Yet thankfully, rather than making the Divine more remote, this submersion has put It where Scripture has testified It resides: becoming the Power, the Word, the Mystery by which all things hold together. God has ceased to be something that exists outside of creation to the Thing moving within it, the Energy between these probabilistic wave functions that keeps forcing them to continue collapsing into the the world I see. God is no longer something extrinsic, a Super Being that creates a world out of some need and with whom I need to develop a relationship like any other being, but rather the intrinsic Ground of Being, the canvas on which creation is painted – and also the paint, and the brushes, and the hand moving the brushes . . . .
By coming to see God in all things, I have found The Christ.
Jesus is alive in me, not because I said a few words before baptism or after a sermon, not because I intellectually acquiesced to His existence, but because He was a real human living in a real place, incarnating the Cosmic Christ and calling me to follow His example into union with God. If Jesus indeed touched and united Himself to that Fire at the core of reality, then He indeed lives in me, and you, and everything that is. I no longer have to parse whether Jesus transubstantiates or consubstantiates the bread and wine or whether it’s “just a symbol” of his sacrifice because now Jesus always was and is and will be the bread and wine, the one who has united Himself with the God who permeates all created things. My job is simply to wake up and notice, to receive the good-gift of The Christ I find pressed into my open palm and poured into my open lips, and then to turn and in thanksgiving spend my life offering the rest of life as the Life of Christ.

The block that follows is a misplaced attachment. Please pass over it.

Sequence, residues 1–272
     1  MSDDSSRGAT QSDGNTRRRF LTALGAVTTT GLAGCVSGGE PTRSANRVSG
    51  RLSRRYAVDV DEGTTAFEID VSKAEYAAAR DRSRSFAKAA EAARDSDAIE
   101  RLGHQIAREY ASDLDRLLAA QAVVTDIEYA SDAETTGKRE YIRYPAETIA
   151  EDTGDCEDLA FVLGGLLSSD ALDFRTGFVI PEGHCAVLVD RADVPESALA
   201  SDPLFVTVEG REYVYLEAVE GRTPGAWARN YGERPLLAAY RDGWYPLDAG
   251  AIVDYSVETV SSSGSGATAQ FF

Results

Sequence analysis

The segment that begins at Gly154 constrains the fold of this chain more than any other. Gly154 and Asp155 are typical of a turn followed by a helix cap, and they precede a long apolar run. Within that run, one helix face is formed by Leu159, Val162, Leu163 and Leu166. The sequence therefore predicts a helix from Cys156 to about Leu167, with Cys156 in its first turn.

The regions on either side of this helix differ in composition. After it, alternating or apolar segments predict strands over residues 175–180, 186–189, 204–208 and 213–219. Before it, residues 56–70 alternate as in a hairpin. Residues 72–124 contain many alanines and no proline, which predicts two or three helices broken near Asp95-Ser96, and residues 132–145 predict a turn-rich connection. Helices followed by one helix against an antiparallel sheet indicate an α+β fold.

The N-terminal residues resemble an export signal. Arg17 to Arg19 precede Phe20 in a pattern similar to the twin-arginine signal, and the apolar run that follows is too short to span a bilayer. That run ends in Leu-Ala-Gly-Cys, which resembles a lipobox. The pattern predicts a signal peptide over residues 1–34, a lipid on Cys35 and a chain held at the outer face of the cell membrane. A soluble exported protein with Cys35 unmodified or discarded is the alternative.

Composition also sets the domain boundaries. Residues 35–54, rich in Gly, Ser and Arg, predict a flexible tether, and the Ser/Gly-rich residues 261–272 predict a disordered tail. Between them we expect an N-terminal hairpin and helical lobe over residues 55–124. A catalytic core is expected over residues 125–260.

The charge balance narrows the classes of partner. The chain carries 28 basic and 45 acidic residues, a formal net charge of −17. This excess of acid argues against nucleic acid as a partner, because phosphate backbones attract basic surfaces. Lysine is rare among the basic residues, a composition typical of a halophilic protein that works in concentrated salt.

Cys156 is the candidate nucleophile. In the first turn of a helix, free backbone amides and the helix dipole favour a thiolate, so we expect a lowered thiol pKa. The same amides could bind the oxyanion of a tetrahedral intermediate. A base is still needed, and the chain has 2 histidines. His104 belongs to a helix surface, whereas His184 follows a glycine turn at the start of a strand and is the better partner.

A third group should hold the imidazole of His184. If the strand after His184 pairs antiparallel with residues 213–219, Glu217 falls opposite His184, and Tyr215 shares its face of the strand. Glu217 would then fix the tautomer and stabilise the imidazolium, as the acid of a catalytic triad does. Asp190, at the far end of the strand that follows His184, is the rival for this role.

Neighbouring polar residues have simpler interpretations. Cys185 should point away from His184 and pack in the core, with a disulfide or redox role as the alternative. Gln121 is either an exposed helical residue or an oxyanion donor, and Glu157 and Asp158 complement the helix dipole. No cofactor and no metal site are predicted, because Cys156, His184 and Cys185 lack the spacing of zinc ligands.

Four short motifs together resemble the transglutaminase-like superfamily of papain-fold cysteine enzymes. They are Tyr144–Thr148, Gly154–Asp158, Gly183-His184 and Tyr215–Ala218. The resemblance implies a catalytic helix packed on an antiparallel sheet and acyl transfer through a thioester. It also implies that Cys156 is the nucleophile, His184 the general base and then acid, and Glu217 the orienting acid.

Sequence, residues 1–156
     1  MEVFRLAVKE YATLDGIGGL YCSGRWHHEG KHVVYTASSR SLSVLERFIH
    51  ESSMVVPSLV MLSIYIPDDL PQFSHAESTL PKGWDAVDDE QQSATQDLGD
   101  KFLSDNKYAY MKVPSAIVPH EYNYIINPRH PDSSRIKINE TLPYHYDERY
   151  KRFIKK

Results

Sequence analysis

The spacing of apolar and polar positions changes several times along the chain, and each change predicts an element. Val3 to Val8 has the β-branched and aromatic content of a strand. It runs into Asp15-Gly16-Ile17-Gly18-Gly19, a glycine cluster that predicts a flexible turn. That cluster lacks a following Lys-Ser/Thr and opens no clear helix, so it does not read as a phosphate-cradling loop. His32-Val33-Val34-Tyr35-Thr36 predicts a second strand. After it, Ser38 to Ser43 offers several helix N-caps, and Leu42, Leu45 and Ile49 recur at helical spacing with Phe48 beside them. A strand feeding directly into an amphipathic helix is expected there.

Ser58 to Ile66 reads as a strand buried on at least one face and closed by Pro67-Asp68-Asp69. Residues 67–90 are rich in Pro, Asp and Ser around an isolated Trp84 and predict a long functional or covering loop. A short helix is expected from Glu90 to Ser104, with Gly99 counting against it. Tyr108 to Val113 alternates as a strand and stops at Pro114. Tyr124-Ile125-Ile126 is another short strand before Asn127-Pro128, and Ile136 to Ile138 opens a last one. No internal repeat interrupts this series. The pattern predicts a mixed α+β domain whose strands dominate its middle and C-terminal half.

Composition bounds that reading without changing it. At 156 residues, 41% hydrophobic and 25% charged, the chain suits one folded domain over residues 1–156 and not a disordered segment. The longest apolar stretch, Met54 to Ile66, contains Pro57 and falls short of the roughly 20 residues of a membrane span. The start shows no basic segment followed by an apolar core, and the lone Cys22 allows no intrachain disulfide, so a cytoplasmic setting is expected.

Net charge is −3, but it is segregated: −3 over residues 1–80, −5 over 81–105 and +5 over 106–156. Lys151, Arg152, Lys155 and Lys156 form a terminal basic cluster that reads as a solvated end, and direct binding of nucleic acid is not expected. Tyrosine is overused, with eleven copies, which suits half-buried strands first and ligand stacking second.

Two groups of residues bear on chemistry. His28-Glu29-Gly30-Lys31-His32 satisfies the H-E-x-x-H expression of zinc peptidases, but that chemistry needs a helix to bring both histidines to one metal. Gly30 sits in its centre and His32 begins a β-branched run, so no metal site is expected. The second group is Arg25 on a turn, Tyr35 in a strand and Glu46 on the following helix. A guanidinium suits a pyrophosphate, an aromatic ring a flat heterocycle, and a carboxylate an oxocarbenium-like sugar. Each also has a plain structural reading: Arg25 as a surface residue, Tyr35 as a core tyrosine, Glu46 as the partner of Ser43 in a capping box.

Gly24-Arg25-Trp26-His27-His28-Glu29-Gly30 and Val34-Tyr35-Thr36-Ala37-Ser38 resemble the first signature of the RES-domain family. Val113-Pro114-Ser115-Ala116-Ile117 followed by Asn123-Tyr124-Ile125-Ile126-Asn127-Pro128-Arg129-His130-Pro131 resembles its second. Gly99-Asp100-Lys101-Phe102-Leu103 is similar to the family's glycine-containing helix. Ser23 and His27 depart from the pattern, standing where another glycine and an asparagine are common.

See, I have neither lost nor abandoned God. I have found God within myself as the Life urging me to pursue shalom for the world; within my wife who daily empties herself for her family and within my children as they learn and grow and push the boundaries of their small but expanding world. To see God within my co-workers (whether they claim Christ or not), who wear themselves out trying to help people who often don’t want it, and then within those very same clients who have no way to work through their pain and addiction other than to storm and rage at me. To see Christ in the autumn trees lining the hilly southern Indiana landscape, looking like so many burning bushes testifying to the Spirit within them, urging me to see the ground their roots drink as holy. Or, as Annie Dillard put it,
“It could be that God has not absconded but spread, as our vision and understanding of the universe have spread, to a fabric of spirit and sense so grand and subtle, so powerful in a new way, that we can only feel blindly of its hem.”
Maybe I should’ve led with that.
1. Though to be honest, all of these things solidified my choice.↩
2. Some Christian Church thinkers try to separate themselves from the broader American Evangelical movement. It’s not.↩
3. I mean “stumbled” quite literally. I am the beneficiary of a long tradition: of patient friends and spiritual directors lightyears ahead of me, of books given at the right time, and of personal bents for which I have little responsibility. I do not believe I’m enlightened, just receptive of the gift as I found it.↩